But Apple’s shareholder value is through the roof, so others are emulating it. Those of us in marketing and communications must now develop on dozens of platforms, each mute to its neighbor, just to engage a critical mass of our markets or communities. Apple didn’t invent this trend, but the turtle-neck wearing guy from Cupertino made it not only acceptable, but admirable.

This is a betrayal of the ideals that made the Web such a revolutionary force – connectivity and community. Instead, these new platforms behave like toddlers on a play date – engaged in their own activities, unaware of the kid next to them. You can’t blame toddlers; their minds haven’t developed enough. Parallel play is all they can do. But these technology companies know better.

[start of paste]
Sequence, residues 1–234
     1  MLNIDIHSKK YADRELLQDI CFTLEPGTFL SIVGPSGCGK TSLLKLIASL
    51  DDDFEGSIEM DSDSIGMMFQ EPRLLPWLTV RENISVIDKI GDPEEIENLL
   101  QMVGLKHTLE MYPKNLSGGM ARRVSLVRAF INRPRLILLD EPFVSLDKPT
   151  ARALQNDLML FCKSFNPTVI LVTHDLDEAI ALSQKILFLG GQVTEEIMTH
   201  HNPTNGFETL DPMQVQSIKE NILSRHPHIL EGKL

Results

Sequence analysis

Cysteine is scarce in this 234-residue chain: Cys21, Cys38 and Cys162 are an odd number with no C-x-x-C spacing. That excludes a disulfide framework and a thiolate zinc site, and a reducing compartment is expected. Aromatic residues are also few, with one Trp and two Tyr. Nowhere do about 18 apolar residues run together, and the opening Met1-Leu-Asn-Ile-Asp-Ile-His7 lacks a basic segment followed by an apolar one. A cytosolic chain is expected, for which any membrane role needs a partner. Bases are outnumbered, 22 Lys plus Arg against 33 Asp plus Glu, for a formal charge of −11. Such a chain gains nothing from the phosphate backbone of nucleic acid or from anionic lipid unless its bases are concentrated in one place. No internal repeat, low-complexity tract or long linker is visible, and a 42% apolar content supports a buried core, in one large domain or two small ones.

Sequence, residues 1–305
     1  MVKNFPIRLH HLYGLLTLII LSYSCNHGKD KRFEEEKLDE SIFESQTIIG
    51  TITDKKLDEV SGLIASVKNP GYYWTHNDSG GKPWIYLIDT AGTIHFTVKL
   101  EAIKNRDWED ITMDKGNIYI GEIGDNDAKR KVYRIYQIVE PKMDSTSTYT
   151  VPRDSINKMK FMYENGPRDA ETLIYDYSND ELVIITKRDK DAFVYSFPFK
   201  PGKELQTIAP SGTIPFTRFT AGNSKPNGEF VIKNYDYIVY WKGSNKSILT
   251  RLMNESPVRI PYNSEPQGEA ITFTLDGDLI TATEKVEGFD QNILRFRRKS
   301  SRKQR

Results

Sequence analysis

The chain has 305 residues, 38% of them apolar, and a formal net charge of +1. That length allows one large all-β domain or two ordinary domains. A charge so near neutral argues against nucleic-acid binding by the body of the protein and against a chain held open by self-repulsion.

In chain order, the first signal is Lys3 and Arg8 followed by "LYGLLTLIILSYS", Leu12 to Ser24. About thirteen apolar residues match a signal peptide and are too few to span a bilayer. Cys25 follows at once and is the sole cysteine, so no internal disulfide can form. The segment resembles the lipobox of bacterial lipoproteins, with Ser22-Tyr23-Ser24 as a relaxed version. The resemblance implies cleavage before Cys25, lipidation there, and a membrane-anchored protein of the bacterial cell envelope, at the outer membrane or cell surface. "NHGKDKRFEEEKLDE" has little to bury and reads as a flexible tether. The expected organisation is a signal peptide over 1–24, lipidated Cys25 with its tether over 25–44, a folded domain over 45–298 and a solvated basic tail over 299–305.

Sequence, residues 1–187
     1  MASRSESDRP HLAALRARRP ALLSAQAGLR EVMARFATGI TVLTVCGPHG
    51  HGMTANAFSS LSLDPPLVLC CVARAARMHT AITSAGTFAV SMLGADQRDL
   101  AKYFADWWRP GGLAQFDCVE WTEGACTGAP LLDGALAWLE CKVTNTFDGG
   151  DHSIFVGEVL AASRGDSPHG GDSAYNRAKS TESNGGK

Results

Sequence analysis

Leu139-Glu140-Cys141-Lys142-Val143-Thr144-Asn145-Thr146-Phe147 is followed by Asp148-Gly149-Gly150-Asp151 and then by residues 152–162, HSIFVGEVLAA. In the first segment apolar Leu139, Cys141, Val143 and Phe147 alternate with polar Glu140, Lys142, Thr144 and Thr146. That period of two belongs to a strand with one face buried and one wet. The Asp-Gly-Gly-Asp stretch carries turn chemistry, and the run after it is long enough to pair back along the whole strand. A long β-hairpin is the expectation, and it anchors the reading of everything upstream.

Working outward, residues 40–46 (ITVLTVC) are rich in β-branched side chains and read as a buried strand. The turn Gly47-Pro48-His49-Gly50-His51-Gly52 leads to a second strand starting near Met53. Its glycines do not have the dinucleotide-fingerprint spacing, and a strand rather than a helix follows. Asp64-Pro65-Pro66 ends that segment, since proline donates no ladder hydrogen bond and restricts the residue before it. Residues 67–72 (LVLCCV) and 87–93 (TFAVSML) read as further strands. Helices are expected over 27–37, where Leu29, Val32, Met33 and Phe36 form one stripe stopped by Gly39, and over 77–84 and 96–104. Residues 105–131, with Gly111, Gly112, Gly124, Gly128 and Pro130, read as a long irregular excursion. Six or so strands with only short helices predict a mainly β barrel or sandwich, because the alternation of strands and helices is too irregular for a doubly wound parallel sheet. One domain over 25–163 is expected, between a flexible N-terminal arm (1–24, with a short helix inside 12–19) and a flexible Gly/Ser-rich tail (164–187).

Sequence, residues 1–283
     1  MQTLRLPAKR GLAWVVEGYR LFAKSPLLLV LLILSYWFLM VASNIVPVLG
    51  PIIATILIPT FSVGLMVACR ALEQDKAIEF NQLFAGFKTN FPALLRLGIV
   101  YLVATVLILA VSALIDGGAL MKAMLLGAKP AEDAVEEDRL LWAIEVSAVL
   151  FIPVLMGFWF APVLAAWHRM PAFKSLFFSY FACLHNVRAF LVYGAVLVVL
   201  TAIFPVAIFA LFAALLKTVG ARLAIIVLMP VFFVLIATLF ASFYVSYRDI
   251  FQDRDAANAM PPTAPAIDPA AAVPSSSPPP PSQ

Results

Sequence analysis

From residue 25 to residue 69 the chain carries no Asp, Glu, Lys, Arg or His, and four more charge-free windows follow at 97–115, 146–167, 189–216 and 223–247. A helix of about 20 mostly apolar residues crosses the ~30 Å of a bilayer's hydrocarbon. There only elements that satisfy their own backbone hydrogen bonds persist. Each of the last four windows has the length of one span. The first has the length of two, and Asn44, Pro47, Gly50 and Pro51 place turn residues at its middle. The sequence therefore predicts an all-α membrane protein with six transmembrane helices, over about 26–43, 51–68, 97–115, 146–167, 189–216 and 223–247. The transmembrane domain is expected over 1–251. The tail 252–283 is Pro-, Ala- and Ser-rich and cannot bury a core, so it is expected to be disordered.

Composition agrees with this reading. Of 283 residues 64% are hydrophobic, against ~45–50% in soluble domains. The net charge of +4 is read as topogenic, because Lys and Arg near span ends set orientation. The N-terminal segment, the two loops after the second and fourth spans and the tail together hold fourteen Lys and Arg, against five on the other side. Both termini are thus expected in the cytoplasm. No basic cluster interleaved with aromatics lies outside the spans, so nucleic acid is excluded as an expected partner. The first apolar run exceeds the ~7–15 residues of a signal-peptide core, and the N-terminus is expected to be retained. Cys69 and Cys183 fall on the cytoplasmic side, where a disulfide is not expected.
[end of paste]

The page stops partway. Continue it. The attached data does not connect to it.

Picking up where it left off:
You might argue that this development is only the next stage in the 40-year-old fragmentation of communication platforms, but it’s worse than that. It’s a huge step backward for the information economy, isolating people from information and each other, and foisting exorbitant new development costs on to business. These rising costs can only exert a downward pressure on economic growth and prosperity. (Please: Don’t even try to sell me on the idea that the iPhone’s elegance is an excuse for this betrayal.)

Bernoff says it’s too late; that we can’t ask for a return of the standardized, interoperable web. I’m not willing to give up yet. If closed-source efforts at world domination were bad coming from Redmond, why are they so virtuous coming from Cupertino?